The Grath vales, a series of steep, wooded valleys in the central foothills of the Eiglophian mountains.
Settled. The clan occupies a series of small, insular settlements spread throughout the Grath Vales. Each village comprises of no more than two families, and there are some twenty villages in all. In its entirety, the clan numbers 260 members, with 30 children, 12 elders and the remainder adults of warrior age.
Nangh. Twenty years ago the chief of the Nangh carried-off Nuadha, the much adored daughter of the Grath’s chieftain, and killed her father. This act was claimed to be in revenge for some slight caused at the Field of Chiefs although none in Grath recall any insult being levelled. The Grath are sworn to never rest until every member of the Nangh is dead and their hatred has cause the clan to degenerate.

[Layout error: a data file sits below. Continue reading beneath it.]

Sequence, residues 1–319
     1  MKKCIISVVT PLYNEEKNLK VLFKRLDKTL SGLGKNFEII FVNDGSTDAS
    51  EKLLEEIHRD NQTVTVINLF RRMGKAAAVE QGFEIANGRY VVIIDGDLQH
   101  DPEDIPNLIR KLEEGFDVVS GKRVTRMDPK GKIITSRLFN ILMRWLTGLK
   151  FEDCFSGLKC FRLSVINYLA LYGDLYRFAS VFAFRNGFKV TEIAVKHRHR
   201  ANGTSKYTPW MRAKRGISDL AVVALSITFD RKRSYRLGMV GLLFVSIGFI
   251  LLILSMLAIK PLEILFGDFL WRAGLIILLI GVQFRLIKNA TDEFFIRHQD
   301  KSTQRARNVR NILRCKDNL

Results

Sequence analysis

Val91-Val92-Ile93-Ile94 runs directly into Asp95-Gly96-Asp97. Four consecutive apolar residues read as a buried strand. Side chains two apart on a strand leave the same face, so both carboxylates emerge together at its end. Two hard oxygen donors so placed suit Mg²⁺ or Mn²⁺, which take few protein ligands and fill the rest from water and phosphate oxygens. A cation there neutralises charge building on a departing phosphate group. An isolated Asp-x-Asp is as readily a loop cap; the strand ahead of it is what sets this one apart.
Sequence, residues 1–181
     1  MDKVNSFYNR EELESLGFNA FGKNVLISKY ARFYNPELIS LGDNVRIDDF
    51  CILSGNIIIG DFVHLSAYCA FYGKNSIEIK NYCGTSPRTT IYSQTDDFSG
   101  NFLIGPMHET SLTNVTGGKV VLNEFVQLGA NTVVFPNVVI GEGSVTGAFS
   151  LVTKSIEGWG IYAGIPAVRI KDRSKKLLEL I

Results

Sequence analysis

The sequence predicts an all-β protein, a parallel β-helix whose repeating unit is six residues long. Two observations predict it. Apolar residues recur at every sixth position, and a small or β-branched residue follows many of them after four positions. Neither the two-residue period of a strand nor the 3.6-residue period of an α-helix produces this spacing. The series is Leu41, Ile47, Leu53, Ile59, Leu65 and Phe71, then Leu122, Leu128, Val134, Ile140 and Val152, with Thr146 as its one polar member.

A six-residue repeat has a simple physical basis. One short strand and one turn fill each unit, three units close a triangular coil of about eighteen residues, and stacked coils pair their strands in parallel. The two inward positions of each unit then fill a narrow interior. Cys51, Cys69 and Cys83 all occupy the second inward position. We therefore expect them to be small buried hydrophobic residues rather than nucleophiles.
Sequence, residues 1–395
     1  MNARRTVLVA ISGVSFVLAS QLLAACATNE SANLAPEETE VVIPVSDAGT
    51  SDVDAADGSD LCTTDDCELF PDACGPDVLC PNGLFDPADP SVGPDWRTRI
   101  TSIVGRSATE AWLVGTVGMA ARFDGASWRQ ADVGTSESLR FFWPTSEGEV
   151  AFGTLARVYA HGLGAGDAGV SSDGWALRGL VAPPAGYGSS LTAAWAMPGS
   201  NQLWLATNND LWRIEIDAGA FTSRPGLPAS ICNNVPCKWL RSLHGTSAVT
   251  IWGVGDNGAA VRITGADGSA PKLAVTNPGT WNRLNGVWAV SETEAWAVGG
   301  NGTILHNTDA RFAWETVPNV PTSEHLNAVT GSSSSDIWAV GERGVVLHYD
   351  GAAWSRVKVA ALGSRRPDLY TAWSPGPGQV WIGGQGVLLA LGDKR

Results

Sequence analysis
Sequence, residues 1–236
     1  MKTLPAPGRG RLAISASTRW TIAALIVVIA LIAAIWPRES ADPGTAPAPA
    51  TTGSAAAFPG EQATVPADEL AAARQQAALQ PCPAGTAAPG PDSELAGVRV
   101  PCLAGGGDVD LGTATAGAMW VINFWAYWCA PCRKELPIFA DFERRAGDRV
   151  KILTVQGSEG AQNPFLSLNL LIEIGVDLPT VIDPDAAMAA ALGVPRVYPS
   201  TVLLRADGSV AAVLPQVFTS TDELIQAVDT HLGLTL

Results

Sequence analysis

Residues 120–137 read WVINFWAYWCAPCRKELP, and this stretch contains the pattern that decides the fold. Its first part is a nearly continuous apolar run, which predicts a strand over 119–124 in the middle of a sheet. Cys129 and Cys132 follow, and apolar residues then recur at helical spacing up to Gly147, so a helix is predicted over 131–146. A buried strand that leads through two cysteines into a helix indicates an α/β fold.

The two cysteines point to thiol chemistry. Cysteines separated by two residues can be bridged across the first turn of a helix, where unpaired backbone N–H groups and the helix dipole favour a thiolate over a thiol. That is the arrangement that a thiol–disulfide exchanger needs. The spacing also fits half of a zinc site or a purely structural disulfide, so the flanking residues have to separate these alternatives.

Once, clan Grath could have considered itself one of the more cultured of the Cimmerian clans. Yet over the past two decades the clan has declined steadily into a savage, morose and hate-fuelled ennui.
Gone are the herds and tended ﬁelds; gone is the wisdom of the ancestors; gone are the colourful linens and woollen kilts. In their place are rough skins, rough people, a propensity for casual violence and a depressing self-pity that is completely driven by the kidnapping of Nuadha, the chieftain’s daughter.
The people of Grath the to centralised nature of most Cimmerian clans and are strung-out across the twenty villages of the Grath vales. The families of the villages are fractious, self-pitying and self-aggrandising, locked in a bitter blame-culture over Nuadha’s loss. Any pride they had as a clan has been replaced with semi-barbaric practices such as deep, ritual scarring, all in Nuadha’s name. She, the beautiful chieftain’s daughter, was considered the clan Grath’s soul, and her loss is seen as the loss of all clan dignity.